Deep Pockets

"LAFD ambulance". Licensed under CC BY-SA 3.0 via Wikimedia Commons - http://commons.wikimedia.org/wiki/File:LAFD_ambulance.jpg#mediaviewer/File:LAFD_ambulance.jpgHawaii residents were shocked this morning when the Honolulu Star-Advertiser reported at the Attorney General is seeking approval from the Legislature for $1.4-million to pay for two claims against the state. [1, 2, 3] While this is not unusual, it draws attention to a policy shift both in the Legislature and on the 5th floor (Governor’s office):

  1. Former Attorney General David Louie, directed by Neil Abercrombie, was instructed to settle cases wherever possible against the State of Hawaii rather than rigorously defending the State in court against frivolous and unwarranted cases, and
  2. Plaintiff’s attorneys (“ambulance casers”) have taken up powerful positions in the Legislature. These include the House Judiciary Chair, House Finance Chair and House Majority Leader. This is further compounded by the rise of Gil Keith-Agaran to Senate Judiciary (and Labor) Chair.

The plaintiff’s attorney lobby [4] is significant to the everyday person because they profit from every claim that the state pays out to aggrieved individuals. They are more commonly referred to as “ambulance chasers” because they seek out individuals who have been injured as an opportunity to make more money. With $6-billion in revenue, the State of Hawaii is an incredibly deep pocket to tap if you are looking to make a few dollars. Ambulance chasers have a vested interest in being able to win money from the state because these very same claims are their six-figure paychecks.

Below is a brief summary of funds authorized by the Legislature to pay claims against the state:

Year Bill Number # $
2014 SB2246, 2014 31 $2.98 million
2013 HB775, 2013 37 $28.31 million
2012 HB2476, 2012 17 $7.88 million
2011 Not available Not available
2010 SB2661, 2010 38 $9.11 million
2009 HB1016, 2009 35 $7.74 million

It is in the taxpayer’s interest to minimize the number of claims against the state. While the state should be accountable for the actions of itself and its employees, these are taxpayer dollars that are better invested in preventing these actions from happening in the first place. Better management and better oversight would ensure that individuals are neither injured nor aggrieved by the state. Instead, ambulance chasers are looking for additional ways to fatten their wallets under the guise of “adjusting for inflation”.

The most alarming reality is that these very same plaintiff’s attorneys are seeking to increase the cap in claims against the state. With fellow ambulance chasers in positions of power, both the House and Senate are poised to advance HB189 and SB137 in separate hearings on Friday (January 30th). [5] These bills are not in the best interest of the state. These bills are not in the best interest of the taxpayer. It is a bill advanced by ambulance chasers, for ambulance chasers.

What is saddening, however, is that none of the investigative reporters at KHON, KITV and KGMB (and even the liberal tabloid CivilBeat) have looked into how sitting legislators and the law firms that they both work for and represent, have materially benefitted from claims against the state. If they do not look into this, perhaps it is time that the independent State Auditor or the Ethics Commission looked into the matter before a federal prosecutor does.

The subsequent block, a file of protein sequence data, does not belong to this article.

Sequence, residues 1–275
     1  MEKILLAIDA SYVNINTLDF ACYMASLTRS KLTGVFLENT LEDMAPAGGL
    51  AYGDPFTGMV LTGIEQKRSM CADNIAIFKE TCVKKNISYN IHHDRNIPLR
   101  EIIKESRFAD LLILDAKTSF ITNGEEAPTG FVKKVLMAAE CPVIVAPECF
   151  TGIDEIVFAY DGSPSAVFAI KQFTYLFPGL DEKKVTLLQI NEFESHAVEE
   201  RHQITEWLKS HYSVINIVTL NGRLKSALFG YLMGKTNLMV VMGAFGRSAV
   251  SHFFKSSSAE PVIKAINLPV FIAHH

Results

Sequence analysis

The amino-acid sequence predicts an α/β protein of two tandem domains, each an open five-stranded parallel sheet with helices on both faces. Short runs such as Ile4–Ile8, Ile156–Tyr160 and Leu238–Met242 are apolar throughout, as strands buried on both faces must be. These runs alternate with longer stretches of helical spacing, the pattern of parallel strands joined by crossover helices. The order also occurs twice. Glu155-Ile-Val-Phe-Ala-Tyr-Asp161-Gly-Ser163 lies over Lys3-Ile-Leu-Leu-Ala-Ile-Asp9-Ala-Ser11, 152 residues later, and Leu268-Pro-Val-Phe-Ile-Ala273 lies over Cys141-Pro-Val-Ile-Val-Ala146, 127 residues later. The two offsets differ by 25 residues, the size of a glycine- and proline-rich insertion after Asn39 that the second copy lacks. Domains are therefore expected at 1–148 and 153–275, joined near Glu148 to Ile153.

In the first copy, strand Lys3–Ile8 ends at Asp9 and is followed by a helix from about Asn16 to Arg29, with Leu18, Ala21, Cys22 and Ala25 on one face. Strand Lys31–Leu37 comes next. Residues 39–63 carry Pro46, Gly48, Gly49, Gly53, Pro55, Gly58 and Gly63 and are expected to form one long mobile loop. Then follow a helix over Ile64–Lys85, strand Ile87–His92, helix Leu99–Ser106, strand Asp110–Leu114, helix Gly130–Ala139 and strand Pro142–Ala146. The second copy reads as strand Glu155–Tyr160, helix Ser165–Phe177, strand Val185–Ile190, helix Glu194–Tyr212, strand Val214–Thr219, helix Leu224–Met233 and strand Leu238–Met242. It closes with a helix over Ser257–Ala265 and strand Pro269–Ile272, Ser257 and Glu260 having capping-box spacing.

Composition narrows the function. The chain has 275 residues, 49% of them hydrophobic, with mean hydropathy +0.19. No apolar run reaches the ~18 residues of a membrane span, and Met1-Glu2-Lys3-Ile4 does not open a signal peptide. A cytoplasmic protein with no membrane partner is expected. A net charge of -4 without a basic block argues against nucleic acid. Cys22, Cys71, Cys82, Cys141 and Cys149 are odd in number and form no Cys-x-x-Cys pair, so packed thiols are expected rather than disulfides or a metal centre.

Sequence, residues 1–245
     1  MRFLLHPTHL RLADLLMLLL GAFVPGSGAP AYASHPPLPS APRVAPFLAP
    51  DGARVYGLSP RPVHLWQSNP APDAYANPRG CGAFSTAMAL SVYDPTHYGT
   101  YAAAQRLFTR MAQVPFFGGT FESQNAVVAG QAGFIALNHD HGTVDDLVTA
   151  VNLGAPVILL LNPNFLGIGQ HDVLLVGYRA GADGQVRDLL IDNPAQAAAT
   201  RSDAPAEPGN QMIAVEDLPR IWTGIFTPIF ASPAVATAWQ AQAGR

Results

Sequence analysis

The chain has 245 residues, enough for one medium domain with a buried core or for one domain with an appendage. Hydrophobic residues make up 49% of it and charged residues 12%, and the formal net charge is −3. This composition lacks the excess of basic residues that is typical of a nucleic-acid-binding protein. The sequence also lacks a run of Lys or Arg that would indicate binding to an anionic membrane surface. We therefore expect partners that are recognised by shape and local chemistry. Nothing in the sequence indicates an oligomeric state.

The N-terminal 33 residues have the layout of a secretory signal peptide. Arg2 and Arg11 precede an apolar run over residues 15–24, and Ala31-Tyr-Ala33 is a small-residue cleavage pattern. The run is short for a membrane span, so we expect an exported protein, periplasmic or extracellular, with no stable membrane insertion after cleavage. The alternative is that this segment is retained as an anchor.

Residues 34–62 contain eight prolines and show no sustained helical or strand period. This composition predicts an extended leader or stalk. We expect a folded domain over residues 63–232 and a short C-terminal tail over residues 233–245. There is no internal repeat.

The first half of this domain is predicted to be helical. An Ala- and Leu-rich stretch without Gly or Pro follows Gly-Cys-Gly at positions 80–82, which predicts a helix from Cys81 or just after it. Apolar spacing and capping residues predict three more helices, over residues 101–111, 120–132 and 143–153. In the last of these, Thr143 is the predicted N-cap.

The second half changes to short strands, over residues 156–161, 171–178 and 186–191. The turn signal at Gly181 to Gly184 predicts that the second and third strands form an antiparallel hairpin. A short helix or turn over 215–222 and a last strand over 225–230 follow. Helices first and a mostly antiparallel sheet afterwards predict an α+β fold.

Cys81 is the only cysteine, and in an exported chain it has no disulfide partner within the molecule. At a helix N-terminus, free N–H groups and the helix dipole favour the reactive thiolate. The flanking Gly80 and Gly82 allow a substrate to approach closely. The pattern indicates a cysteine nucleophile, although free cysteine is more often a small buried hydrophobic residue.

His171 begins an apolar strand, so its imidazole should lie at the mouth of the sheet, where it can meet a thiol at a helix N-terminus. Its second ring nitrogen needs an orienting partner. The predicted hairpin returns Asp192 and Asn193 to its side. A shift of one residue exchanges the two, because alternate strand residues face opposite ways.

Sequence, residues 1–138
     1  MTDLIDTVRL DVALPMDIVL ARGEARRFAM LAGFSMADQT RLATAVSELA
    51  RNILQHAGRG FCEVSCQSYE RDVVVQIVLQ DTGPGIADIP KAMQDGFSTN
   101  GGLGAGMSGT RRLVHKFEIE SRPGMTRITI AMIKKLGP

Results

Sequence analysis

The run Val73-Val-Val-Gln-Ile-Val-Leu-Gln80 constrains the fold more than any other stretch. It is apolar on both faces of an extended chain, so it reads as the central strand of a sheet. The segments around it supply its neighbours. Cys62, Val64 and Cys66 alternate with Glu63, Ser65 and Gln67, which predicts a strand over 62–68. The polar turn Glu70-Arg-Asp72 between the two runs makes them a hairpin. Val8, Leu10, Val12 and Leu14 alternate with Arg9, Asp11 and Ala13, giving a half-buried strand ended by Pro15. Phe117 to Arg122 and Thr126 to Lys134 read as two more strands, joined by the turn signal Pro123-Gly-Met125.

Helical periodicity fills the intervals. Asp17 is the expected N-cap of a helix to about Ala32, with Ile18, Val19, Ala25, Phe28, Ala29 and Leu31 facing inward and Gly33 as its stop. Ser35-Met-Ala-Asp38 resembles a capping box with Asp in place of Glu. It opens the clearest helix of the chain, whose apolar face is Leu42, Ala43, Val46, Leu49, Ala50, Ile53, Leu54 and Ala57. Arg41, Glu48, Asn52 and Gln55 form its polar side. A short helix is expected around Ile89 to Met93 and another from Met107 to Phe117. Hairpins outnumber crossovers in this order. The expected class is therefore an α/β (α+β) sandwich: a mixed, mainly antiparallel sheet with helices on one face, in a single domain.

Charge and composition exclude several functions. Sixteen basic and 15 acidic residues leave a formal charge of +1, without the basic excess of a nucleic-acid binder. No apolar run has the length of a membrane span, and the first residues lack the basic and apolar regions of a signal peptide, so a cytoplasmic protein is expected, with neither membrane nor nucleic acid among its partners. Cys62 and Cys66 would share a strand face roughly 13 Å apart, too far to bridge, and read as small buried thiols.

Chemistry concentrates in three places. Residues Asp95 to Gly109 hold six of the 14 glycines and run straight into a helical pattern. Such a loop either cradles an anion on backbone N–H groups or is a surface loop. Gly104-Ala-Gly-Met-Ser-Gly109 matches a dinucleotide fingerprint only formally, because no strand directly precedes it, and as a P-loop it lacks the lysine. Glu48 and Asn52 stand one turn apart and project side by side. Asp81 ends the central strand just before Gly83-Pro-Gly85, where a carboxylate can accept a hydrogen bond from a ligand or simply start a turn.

You can learn more about these bills using the links below. The bill status can be used to submit testimony in opposition (or support) of the bills. While additional comments are helpful, they are not necessary to voice your opinion – a simple “yes” or “no” is the bare minimum for testimony. To submit testimony electronically, you must register at the Hawaii State Legislature’s website. If you choose, you may use any (or all) of this post as part of your comments submitted with your testimony. While most committees accept late testimony, testimony should be submitted 24-hours ahead of the committee’s meeting time.

Committee Date & Time Location Links
Senate Judiciary & Labor Jan 30, 8:30 AM Rm. 016 Bill StatusHearing Notice
House Judiciary Jan 30, 2:00 PM Rm. 325 Bill StatusHearing Notice

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[1] – Claims against the state are the result of lawsuits where the State of Hawaii was found liable for an action and/or injury against another entity (private citizen, non-governmental organization, business, etc.). In addition to passing a budget bill every legislative session, claims against the state are a routine part of legislative business.

[2] – Honolulu Star-Advertiser, January 28, 2015, “Attorney General seeks $1.4 million to settle 2 suits against state” http://www.staradvertiser.com/newspremium/20150128__Attorney_general_seeks_14M_to_settle_2_suits_against_state.html?id=290036641

[3] – While these claims against the state are inexcusable and should not have happened in the first place, this in no way diminishes the deplorable and misfortunate circumstances that initiated these claims.

[4] – The Hawaii Association for Justice (HAJ) represents the interests of money-grabbing plaintiffs. Sitting legislators such as Sylvia Luke are members of HAJ. The singular interest of the HAJ against nearly a hundred pieces of testimony advanced a bill that made the state liable for injuries hikers and rock climbers suffer on state lands.

[5] — Both bills have similar language to raise the cap on claims that require legislative approval. The current cap is $10,000, so most claims (whether agreed upon, arbitrated or judicially mandate do) are envisioned to go to $9999 to maximize benefits without drawing undue scrutiny.  It is unclear why the legislature would forfeit its powers of oversight other than to appease the plaintiff’s attorney lobby. Perhaps to line their own pockets.

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